Who’s an artist you shot because you needed to have live show photos in your collection?
Jay Electronica. We were in Philly in 2018. I know his manager, Law. I hit his manager like, “I want to shoot.” I needed Jay Electronica in my catalog. There was no pit, but Law told me I was good to come. My best friend and I drove to Philly. I was shooting from the crowd. Law and I locked eyes, and he was basically telling me, “Come on stage.” Then, I motion to him to say, “Nah, the photos I’m getting from the crowd are good.” At some point, Jay jumps into the crowd and he has such a relationship with the audience, he knew he wasn’t going to be roughed up or anything. They surround him and what caught me was the one kid who had his phone up with his arm around Jay. Jay doesn’t push his arm off. He just acts like those are his people. Even after the show, Jay gave daps to the crowd and spoke with them. I got that photo of Jay after I finally got on stage.
You really get to be a part of sentimental moments like a Ruff Ryders reunion show in 2017 where you shot DMX.
That was dope. He did his song “Blood Red,” which was interesting because you wanted to see the classics. The crowd was chanting back as he was going and he just lifted his mic up for them to finish. That was when I knew that was the photo. I thought it spoke to a calm DMX but his face said everything.
Another classic show you did was Damien Marley’s first performance with JAY-Z at Meadows Music and Arts Festival in 2017. What is your mentality shooting Hov?
Shooting JAY is always interesting because you’re always not allowed even though you have all-access (laughs)… Shooting JAY is always fun. He’s not the greatest performer, but his poise is unmatched. In this particular show, he was moving around with the Jeff Koons balloon. You never knew who was going to pop out. It was the flag, Damien, Young Guru in the back, and then JAY. But, it looked like he was in awe looking at Bob Marley’s son. I wanted to capture all of that in one photo.
If it’s that difficult shooting JAY-Z, I can only imagine how it is shooting Beyonce.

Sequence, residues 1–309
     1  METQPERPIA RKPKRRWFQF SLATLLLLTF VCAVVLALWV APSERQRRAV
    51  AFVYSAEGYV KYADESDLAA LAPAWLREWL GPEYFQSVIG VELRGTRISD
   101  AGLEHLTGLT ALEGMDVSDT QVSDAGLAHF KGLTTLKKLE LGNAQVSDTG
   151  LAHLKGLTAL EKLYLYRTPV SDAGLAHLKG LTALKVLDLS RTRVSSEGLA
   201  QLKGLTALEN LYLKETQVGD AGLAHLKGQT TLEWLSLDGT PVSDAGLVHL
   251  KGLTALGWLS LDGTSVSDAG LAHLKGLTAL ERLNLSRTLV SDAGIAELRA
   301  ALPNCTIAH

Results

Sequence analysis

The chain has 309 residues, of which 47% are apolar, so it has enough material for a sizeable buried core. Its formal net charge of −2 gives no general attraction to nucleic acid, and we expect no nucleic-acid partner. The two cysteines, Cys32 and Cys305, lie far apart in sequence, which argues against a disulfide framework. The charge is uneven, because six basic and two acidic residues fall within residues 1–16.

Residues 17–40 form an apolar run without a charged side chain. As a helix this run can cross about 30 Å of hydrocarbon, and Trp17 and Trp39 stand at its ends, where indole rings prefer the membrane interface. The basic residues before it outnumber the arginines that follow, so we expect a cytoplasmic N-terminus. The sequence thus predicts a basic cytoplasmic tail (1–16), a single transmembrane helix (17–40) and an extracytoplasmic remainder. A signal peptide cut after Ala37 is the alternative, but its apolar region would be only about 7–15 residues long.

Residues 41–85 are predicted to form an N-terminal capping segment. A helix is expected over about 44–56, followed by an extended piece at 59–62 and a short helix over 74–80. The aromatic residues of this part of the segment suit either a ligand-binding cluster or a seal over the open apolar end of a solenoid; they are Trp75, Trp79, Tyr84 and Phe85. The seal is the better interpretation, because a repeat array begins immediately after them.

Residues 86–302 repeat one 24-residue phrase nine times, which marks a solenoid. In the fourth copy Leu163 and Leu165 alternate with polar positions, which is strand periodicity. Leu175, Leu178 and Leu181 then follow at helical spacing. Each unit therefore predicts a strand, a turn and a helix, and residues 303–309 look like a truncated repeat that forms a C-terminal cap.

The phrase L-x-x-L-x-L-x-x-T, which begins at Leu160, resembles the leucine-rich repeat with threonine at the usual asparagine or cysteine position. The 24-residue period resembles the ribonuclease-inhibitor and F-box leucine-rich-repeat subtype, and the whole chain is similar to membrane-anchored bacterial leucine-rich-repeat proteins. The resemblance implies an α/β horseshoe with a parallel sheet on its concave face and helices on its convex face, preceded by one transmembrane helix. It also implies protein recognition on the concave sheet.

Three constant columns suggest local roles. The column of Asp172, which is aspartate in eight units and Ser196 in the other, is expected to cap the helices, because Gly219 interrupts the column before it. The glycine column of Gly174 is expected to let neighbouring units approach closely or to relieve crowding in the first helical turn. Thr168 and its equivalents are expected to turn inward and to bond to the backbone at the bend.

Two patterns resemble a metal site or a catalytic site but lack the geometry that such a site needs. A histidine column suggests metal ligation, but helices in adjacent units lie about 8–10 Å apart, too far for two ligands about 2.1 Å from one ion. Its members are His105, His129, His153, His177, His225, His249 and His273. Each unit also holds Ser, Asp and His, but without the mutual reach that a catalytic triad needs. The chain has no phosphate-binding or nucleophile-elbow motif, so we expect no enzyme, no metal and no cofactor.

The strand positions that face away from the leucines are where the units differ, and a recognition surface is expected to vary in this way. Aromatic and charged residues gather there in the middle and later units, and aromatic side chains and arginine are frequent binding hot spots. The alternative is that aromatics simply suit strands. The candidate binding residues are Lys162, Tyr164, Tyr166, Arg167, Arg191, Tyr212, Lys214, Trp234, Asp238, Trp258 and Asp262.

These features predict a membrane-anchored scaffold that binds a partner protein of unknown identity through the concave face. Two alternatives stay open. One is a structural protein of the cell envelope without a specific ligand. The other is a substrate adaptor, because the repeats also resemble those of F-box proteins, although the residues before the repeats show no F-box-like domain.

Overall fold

I was at the Tidal X show at Barclays. I had all-access because I was shooting for Cipha Sounds. I remember being the only person in the pit. Beyonce didn’t allow a photo pit, but I was Ciph’s DJ right before she went up. I remember shooting Ciph from the crowd, and then walking on the stage to shoot him from the back and see the crowd. As I’m on stage, I see security rushing to the stage and I’m thinking, “I’m good. They’re not coming for me.” They were coming for me (laughs). I was backing up to get a wider shot of Ciph. I kept backing up and unknowingly getting closer to Beyonce because she was standing there waiting to do her set. Security rushes on stage like, “Get off the stage.” I was like, “I have all-access. I’m on the stage for Ciph until he’s off the stage. Security was on the side of the stage telling me to come down while one was coming up the stage. I turn around and see Beyonce.
What do you have coming in 2021?
It’s going to be primarily festivals with tours near the end of the year. To be honest, I’m not sure. In the pandemic, you had to pivot and really position yourself in different ways. I stopped shooting for a while and started doing more brand work. I’m already locked in for three festivals. Between 2019 – 2021, a bunch of big players has emerged. Festival Benny the Butcher, what does that look like? There are so many artists I haven’t shot in certain settings that are big now. There will be a reinvention of Calligrafist in the sense of my focus as a photographer and purpose of shooting. I’ve been shooting for close to 15 years and now I’m a recognizable brand in terms of name, and I want to marry that with the artists and people I shoot.